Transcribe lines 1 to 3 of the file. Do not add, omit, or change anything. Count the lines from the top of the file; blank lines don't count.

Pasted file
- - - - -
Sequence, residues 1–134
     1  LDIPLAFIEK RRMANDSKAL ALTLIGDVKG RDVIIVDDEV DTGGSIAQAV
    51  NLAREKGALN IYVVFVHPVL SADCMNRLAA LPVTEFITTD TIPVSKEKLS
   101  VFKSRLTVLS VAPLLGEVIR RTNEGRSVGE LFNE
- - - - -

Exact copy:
Sequence, residues 1–134
     1  LDIPLAFIEK RRMANDSKAL ALTLIGDVKG RDVIIVDDEV DTGGSIAQAV
    51  NLAREKGALN IYVVFVHPVL SADCMNRLAA LPVTEFITTD TIPVSKEKLS